Tension can go straight to your head—€”and your back and your belly and... everywhere. Why panic? Learn the simple strategies that keep crazy days from wreaking havoc on your system.

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Getty Images There's a certain sort of woman who mind-body expert Alice Domar, PhD, sees all too often: the type with a high-octane life who has no idea that her stress levels are sabotaging her health. "One woman had two kids and worked 80 hours a week," recalls Domar, who is executive director of the Domar Center for Mind/Body Health in Waltham, Mass. "She came to me because she was thinking of trying for a third child and was concerned about her irregular periods—but when I took a complete history, I found out that she had a host of physical symptoms, including frequent headaches and insomnia. It never occurred to her that they had anything to do with her intense lifestyle."

That's the insidious thing about stress: It infiltrates our bodies even as our heads are spinning. And it's ever-present; The American Psychological Association reports that 42 percent of Americans say their stress levels have shot up in the last five years. Left untreated, stress can lead to serious ills, including heart disease, depression, anxiety and diabetes. It could even speed up the spread of breast and ovarian cancers, research suggests. Untamed tension may also pop up as aches and ills that make us feel crummy on a daily basis.

As annoying as those eye twitches and stomach knots are, we should be thanking our bodies for the heads-up, doctors say. "Physical symptoms that accompany stress are part of the body's warning system," notes Darshan Mehta, MD, medical director of Massachusetts General Hospital's Institute for Mind-Body Medicine in Boston. They nudge you to take better care of yourself. Ahead, everything you've wondered about stress and your health but were too frazzled to ask.

Why does stress have a physical effect if it's a mental thing?

Forget your tyrant boss; blame the woolly rhinoceros. "Stress activates a psychophysiologic response—the mind perceives a threat or emergency and your body reacts," explains Michael McKee, PhD, a psychologist at the Cleveland Clinic. You're probably familiar with the fight-or-flight effect: Your system churns out the stress chemicals adrenaline, norepinephrine and cortisol, causing your heart to race and blood pressure to increase as oxygen goes to your large muscles. In the Stone Age, this response would save us from danger. Today it basically causes our brain to overreact, interpreting mildly stressful situations (like planning Thanksgiving dinner for 25 people) as run-for-the-hills emergencies. Over time, constantly cycling into a revved-up state can cause wear and tear on the heart, muscles and brain.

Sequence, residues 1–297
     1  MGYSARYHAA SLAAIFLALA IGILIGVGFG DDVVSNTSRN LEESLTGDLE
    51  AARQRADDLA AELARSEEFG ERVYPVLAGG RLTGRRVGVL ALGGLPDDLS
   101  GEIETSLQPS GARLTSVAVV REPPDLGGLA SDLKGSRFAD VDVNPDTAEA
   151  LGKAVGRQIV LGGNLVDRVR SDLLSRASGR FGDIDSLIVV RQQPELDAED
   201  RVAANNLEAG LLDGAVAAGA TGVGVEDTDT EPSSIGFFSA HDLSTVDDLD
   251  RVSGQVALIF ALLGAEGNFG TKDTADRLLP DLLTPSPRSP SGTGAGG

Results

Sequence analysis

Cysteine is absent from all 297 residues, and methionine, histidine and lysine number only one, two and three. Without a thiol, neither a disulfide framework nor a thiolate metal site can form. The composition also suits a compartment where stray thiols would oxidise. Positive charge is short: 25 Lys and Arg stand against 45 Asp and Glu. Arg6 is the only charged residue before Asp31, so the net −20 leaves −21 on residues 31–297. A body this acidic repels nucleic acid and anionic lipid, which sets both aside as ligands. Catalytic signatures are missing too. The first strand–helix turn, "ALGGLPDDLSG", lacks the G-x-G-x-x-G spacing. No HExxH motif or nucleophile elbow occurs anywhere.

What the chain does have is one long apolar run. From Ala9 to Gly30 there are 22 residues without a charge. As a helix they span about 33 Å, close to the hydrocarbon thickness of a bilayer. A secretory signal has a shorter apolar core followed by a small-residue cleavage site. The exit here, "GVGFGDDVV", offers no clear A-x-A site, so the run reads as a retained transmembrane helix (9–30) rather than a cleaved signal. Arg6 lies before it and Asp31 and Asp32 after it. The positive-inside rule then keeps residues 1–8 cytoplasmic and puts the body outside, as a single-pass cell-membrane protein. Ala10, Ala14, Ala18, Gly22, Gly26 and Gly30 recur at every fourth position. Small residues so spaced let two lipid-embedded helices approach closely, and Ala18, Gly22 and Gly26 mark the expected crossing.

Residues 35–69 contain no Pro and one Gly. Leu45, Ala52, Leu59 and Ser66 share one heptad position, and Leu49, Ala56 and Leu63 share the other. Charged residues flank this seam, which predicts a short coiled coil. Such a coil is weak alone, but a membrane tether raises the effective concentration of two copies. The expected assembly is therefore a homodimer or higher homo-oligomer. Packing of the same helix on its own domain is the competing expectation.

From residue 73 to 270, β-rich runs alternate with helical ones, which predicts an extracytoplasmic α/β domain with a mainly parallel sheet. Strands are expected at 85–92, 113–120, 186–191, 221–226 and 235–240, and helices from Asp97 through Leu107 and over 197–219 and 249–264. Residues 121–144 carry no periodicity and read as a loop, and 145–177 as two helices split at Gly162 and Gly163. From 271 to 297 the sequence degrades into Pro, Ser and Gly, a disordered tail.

Researchers from Carnegie Mellon University recently discovered why frequently having high levels of cortisol can do damage. Cortisol helps turn off inflammation in the body, but prolonged stress makes immune cells insensitive to the hormone's regulatory effect. As a result, the inflammatory response that the immune system normally launches to protect the body goes into overdrive. That excess inflammation may lead to everything from the common cold to, in the long run, heart attacks, stroke and autoimmune disorders. One new study revealed that people under significant pressure at work had a 45 percent higher risk of type 2 diabetes.

Do events like a death or divorce affect you more than everyday hassles?

Both acute stress and the daily kind can do harm, weakening your immunity and triggering flare-ups of migraines, irritable bowel syndrome and arthritis. "Chronic activation of your stress response can contribute to disease," Dr. Mehta says. One study from Pennsylvania State University discovered that people who got distressed by little annoyances were more likely to have chronic health conditions such as arthritis-induced pain 10 years later.

A key aid to weathering life's drama: friends. Research shows that when faced with a big upset, many of us cope by leaning on social supports; that dramatically reduces stress and strengthens resilience. Thing is, little hassles have a way of getting under your skin—you're not receiving support for the irritation you feel about a long grocery store line (except maybe from your mother).

Stress makes my lower back ache. My husband gets headaches. Why is that?

Everyone has his or her weak health spot. Think about it: Maybe you always get chest colds, say, while your husband sails through winter with just the sniffles (but he's knocked flat by stomach bugs). "Stress impacts all your systems—musculoskeletal, cardiovascular, gastro-intestinal, respiratory, everything," McKee says. "But some systems are stronger than others, and stress produces the worst symptoms in the most vulnerable ones."

How come some people wig out more than others?

It's nature and nurture. We model our parents' reactions to stress, experts say, and also have a genetic predisposition to be reactive or calm. One study commissioned by the National Institutes of Health found that we inherit varying amounts of neuropeptide Y, an anxiety-reducing compound released during stress.

Can stress affect how you age?

Yes (sorry). Stress has been shown to impact aging at the cellular level. The journal Plos One recently published two studies showing that stress may mess with telomeres, caps on the ends of our chromosomes that protect DNA as it replicates. Telomeres (like most of us) get shorter with age—and, as it turns out, with high levels of stress. As telomeres dwindle, genetic material can be damaged, leading to cell death. Meanwhile, researchers suspect that high cortisol levels from chronic stress break down the proteins collagen and elastin, responsible for skin elasticity—bringing us one step closer to looking like Abe Lincoln after the Civil War.